Relativity
in brief... or in detail.. 
Maxwell's equations: are they really so beautiful that you would dump Newton?Maxwell's equations describe electricity, magnetism, space, time and the relationships among them. They are simple and fundamental. As we saw in the introductory film clip, their simplicity, symmetry and beauty persuaded Einsten to develop a theory of relativity in which Maxwell's equations were invariant. Here we explain why, and derive an expression for the speed of light along the way.
Although the equations are simple, they are notated in a few different ways, for use in different circumstances. The variable quantities are the electric field E (written in bold here to indicate that it is a vector), the magnetic field B, the electric charge density ρ (the amount of charge per unit volume) and the electric current density J (the amount of electric current flowing through unit area). There are also properties of the medium, even if it is vacuum. ε is the dielectric permittivity. It is a property of a medium that determines the strength of the electric field produced by a given electric charge and geometry. Greater values of ε mean that more charge is required to produce the same electric field (for all materials in the liquid or solid phase, ε is greater than the vacuum value ε_{0}). μ is the magnetic permeability of a medium. Greater values of μ mean that a given value of electric current produces a stronger magnetic field (magnetic materials such as iron may have values thousands of times higher than the vacuum value μ_{0}). For our purposes (dealing with light in vacuum) we only need Maxwell's equations for the case of the vacuum, where ε and μ take their (uniform and constant) vacuum values of ε_{0} and μ_{0}.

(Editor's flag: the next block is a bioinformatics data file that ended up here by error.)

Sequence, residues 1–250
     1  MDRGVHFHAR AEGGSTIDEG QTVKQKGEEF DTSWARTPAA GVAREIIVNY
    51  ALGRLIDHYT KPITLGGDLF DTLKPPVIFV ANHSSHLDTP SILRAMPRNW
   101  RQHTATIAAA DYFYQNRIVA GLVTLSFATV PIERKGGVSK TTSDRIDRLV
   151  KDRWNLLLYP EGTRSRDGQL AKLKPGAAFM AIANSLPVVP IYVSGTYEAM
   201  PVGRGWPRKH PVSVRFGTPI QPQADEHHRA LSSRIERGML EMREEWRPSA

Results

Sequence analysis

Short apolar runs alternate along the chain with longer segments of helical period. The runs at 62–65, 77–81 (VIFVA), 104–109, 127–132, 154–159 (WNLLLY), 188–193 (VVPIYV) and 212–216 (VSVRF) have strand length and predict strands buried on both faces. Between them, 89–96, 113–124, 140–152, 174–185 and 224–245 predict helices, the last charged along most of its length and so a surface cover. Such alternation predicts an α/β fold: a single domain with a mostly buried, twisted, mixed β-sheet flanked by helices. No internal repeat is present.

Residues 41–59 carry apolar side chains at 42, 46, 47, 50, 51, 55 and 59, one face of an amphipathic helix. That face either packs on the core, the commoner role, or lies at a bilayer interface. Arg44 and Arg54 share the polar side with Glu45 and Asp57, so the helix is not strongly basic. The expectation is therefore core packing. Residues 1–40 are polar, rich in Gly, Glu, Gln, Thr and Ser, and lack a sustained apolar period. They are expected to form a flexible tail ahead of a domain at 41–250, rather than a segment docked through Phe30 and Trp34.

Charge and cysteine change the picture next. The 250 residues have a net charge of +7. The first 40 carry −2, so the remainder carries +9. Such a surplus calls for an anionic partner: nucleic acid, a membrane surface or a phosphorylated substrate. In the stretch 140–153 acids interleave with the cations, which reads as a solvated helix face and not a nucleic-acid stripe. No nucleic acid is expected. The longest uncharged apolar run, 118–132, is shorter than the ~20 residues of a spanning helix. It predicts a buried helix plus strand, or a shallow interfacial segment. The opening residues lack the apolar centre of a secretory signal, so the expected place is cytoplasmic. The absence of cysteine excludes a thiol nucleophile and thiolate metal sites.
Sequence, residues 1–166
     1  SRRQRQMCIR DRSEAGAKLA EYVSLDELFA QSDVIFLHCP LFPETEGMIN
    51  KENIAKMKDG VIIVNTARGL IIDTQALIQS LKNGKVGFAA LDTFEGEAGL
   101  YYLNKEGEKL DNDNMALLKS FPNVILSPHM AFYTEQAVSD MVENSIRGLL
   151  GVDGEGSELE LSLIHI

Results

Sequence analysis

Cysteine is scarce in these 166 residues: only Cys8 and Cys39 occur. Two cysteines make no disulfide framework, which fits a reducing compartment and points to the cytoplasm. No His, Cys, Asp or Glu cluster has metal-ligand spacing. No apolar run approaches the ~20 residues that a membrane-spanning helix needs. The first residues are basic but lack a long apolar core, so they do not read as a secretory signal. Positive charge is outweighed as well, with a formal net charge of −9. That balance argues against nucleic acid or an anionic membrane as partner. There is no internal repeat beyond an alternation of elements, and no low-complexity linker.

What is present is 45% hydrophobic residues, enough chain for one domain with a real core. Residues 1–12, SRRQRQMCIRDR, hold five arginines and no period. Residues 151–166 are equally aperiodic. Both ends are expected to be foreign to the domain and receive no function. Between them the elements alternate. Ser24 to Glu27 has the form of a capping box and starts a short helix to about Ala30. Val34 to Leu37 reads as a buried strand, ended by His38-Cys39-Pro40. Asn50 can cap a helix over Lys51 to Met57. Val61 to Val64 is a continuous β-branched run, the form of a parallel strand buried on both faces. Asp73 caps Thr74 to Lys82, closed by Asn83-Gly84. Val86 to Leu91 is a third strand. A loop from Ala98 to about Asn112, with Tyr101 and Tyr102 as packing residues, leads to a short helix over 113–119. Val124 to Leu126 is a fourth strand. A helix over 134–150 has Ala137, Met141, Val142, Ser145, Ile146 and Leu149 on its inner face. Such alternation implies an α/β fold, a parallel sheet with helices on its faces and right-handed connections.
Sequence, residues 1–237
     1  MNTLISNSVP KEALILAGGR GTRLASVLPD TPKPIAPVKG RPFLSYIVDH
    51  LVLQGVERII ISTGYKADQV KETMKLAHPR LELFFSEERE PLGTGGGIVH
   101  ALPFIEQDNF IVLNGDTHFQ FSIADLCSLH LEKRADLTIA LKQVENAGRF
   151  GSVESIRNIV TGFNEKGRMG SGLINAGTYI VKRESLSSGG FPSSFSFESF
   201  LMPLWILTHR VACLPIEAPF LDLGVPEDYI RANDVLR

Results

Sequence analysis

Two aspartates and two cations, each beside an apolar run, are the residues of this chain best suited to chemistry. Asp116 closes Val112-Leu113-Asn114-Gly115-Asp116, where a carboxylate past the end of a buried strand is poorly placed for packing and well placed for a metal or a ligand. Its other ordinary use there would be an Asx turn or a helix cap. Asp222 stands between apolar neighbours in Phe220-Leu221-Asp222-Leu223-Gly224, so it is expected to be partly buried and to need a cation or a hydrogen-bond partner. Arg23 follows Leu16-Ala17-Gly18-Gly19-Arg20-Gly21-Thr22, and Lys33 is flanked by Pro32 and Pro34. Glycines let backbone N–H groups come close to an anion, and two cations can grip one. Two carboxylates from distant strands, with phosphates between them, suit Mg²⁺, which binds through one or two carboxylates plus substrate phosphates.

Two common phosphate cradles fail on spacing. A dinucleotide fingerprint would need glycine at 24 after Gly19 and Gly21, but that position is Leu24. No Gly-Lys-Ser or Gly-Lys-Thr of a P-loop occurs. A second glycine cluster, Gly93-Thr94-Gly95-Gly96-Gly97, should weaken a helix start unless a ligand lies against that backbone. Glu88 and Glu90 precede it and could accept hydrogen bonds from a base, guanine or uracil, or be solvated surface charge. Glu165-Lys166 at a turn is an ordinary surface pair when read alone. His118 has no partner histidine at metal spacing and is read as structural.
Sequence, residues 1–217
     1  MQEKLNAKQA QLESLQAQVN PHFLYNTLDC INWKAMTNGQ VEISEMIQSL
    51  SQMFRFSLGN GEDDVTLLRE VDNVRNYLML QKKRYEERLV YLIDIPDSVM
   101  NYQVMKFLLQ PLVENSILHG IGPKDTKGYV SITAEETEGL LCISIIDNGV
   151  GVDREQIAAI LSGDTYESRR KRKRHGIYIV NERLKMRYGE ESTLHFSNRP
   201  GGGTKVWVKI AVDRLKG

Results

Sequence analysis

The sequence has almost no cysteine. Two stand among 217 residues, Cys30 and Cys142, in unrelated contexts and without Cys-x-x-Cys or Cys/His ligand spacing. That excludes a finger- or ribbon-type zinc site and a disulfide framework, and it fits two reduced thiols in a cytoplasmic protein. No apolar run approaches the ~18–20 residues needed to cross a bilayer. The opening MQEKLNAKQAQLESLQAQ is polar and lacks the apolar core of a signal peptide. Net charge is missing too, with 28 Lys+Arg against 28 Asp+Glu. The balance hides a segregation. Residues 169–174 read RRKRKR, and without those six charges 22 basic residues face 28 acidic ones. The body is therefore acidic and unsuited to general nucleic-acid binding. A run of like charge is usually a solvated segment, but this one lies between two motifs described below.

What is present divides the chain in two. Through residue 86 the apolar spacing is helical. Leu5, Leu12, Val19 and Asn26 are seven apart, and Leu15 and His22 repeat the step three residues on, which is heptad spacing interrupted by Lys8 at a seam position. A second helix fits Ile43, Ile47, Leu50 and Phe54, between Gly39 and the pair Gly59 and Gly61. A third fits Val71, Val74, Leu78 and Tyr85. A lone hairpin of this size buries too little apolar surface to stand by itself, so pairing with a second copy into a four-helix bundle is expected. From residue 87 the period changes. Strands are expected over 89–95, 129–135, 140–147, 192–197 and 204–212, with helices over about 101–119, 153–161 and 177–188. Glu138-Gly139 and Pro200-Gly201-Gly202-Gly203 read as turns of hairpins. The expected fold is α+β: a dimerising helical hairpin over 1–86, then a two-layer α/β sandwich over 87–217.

Maxwell's equations: integral formThis page poses the author a problem. It is possible to go from here to the wave equation, without using vector calculus. However, to do so would lose the elegance that I wish to stress here. Students usually don't do vector calculus until approximately second year university. Readers who are familiar with vector calculus will probably know Maxwell's equations already. So, for the benefit of many readers who still haven't tasted those pleasures, what I shall do next is to show the equations in their more elegant forms, giving an informal description of the notation. (Formal derivations of the wave equation from either the integral or differential forms are found, of course, in many text books.) The symbol ∇ (pronounced 'del') expresses how strongly a quantity varies in space: it is a sort of spatial derivative. Loosely speaking, if you move in one direction, ∇.E (pronounced 'div E') expresses how much E varies spreads out or how much it changes in that direction. ∇xE (pronounced 'curl E') measures how much E curls around, or how much it changes in the perpendicular directions. This allows us to write:
Maxwell's equations in differential formBelow we write them in a more symmetric and beautiful form: a form that shows more clearly their various symmetries. However, for the moment, let's put them to use. Maxwell's equations and the speed of lightLet's consider light travelling in a vacuum, ie in a region in which there are no electric charges, so that ρ = 0 and J = 0. Again for the vacuum, Maxwell's equations become: